Environmental Control of the Synthesis and Activity of Aquatic Microbial Ectoenzymes

  • Ryszard J. Chróst
Part of the Brock/Springer Series in Contemporary Bioscience book series (BROCK/SPRINGER)


The majority (>95%) of organic matter in aquatic environments is composed of polymeric, high-molecular-weight compounds (Allen, 1976; Romankevich, 1984; Cole et al., 1984; Thurman. 1985; Münster and Chróst, 1990). Because the passage of organic molecules across the microbial cytoplasmic membrane is an active process requiring specific transport enzymes (permeases), only small (low-molecular-weight) and simple molecules can be directly transferred from the environment into the cell (Rogers, 1961; Payne, 1980a; Geller, 1985). This means that only a small portion of the total dissolved organic matter (DOM) is readily utilizable in natural waters (Münster, 1985; Azam and Cho, 1987; Jørgensen, 1987), and that the majority of DOM cannot be directly transported to microbial cells because of the large size of its molecules.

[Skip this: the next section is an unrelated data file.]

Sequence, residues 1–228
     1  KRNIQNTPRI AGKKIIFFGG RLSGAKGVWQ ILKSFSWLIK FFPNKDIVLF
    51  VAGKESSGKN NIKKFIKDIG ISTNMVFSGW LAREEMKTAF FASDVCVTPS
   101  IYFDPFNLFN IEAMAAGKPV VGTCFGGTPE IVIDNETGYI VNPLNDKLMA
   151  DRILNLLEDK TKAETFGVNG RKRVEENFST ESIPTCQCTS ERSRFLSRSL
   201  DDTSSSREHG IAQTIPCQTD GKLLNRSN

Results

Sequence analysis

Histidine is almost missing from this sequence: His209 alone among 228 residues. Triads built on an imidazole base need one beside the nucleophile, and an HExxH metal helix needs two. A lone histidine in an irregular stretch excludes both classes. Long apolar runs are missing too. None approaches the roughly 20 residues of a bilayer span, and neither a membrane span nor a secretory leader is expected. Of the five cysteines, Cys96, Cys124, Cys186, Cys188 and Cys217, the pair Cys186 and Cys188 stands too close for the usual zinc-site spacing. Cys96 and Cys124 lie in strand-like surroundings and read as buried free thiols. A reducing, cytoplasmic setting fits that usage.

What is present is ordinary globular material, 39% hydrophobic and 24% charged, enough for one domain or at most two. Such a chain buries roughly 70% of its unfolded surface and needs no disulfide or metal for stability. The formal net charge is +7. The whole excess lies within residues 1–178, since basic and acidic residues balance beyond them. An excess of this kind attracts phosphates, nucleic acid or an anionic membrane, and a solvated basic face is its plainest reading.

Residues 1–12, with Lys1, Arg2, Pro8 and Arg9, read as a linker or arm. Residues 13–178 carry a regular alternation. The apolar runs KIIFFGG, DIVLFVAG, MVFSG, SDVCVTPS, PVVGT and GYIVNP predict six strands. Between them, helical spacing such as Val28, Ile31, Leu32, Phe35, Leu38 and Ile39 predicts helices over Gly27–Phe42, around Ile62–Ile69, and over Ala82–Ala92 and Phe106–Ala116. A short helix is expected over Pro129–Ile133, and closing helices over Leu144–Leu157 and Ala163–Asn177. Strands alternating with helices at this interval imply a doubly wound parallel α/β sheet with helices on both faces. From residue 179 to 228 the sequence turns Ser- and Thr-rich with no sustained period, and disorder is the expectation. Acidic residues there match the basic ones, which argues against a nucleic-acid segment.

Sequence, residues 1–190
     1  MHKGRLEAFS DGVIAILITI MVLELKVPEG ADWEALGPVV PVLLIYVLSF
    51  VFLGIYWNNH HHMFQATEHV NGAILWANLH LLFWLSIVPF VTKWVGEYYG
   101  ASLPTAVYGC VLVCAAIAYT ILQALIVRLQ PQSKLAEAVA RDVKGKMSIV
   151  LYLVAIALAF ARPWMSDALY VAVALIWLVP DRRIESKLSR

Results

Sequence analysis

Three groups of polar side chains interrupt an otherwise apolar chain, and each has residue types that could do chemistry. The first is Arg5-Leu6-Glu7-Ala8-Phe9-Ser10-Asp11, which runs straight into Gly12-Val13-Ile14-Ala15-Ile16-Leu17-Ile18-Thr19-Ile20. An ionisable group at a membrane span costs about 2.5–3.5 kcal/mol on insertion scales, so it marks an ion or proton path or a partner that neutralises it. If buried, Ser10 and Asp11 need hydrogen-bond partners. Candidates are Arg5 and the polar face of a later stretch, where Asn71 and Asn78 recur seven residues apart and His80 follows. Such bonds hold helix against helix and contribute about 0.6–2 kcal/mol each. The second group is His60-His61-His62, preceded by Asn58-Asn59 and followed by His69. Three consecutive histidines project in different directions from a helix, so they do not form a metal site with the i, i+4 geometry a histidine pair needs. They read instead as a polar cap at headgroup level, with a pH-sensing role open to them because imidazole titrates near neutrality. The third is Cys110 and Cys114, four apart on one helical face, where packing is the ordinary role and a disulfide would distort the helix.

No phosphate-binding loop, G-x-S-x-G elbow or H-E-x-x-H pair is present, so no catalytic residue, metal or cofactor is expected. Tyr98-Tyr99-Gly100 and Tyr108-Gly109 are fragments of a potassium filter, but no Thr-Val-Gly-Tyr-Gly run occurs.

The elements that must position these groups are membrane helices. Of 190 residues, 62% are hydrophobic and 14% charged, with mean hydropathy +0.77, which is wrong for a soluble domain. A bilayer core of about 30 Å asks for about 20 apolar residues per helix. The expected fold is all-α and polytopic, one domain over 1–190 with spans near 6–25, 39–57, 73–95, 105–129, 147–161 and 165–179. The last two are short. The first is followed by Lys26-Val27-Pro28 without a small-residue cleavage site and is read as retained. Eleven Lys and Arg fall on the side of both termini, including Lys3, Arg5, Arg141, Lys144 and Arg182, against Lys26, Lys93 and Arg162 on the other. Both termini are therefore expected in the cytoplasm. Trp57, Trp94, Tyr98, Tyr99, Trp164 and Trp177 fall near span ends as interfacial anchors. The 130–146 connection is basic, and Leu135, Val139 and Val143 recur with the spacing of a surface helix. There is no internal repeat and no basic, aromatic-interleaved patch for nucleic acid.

Lake Water Alkaline Phosphatase Activity Cytoplasmic Membrane Extracellular Enzyme Eutrophic Lake 
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